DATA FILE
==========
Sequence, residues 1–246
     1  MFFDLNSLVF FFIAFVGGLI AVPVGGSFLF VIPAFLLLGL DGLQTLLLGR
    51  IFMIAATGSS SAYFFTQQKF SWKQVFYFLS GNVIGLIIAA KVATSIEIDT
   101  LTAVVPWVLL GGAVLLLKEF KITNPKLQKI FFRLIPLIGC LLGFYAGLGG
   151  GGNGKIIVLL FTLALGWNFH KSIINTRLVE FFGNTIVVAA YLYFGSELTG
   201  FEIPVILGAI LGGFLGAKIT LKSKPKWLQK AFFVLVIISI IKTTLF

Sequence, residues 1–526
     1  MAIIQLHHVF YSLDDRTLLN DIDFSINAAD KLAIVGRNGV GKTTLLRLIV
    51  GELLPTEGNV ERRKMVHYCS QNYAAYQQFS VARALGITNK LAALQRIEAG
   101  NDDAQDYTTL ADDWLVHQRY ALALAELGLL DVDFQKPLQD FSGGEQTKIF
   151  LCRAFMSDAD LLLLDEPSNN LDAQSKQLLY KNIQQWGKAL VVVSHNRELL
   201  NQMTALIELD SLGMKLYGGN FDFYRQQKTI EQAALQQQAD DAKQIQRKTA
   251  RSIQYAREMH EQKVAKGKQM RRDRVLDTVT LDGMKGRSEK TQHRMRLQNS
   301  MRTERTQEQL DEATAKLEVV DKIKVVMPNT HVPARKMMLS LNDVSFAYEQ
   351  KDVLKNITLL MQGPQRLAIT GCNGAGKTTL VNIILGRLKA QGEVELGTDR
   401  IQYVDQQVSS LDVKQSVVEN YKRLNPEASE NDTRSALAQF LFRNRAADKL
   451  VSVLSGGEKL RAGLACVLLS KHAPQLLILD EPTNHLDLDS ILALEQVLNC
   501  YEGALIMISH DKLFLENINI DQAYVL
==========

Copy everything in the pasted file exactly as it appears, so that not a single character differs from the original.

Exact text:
Sequence, residues 1–246
     1  MFFDLNSLVF FFIAFVGGLI AVPVGGSFLF VIPAFLLLGL DGLQTLLLGR
    51  IFMIAATGSS SAYFFTQQKF SWKQVFYFLS GNVIGLIIAA KVATSIEIDT
   101  LTAVVPWVLL GGAVLLLKEF KITNPKLQKI FFRLIPLIGC LLGFYAGLGG
   151  GGNGKIIVLL FTLALGWNFH KSIINTRLVE FFGNTIVVAA YLYFGSELTG
   201  FEIPVILGAI LGGFLGAKIT LKSKPKWLQK AFFVLVIISI IKTTLF

Sequence, residues 1–526
     1  MAIIQLHHVF YSLDDRTLLN DIDFSINAAD KLAIVGRNGV GKTTLLRLIV
    51  GELLPTEGNV ERRKMVHYCS QNYAAYQQFS VARALGITNK LAALQRIEAG
   101  NDDAQDYTTL ADDWLVHQRY ALALAELGLL DVDFQKPLQD FSGGEQTKIF
   151  LCRAFMSDAD LLLLDEPSNN LDAQSKQLLY KNIQQWGKAL VVVSHNRELL
   201  NQMTALIELD SLGMKLYGGN FDFYRQQKTI EQAALQQQAD DAKQIQRKTA
   251  RSIQYAREMH EQKVAKGKQM RRDRVLDTVT LDGMKGRSEK TQHRMRLQNS
   301  MRTERTQEQL DEATAKLEVV DKIKVVMPNT HVPARKMMLS LNDVSFAYEQ
   351  KDVLKNITLL MQGPQRLAIT GCNGAGKTTL VNIILGRLKA QGEVELGTDR
   401  IQYVDQQVSS LDVKQSVVEN YKRLNPEASE NDTRSALAQF LFRNRAADKL
   451  VSVLSGGEKL RAGLACVLLS KHAPQLLILD EPTNHLDLDS ILALEQVLNC
   501  YEGALIMISH DKLFLENINI DQAYVL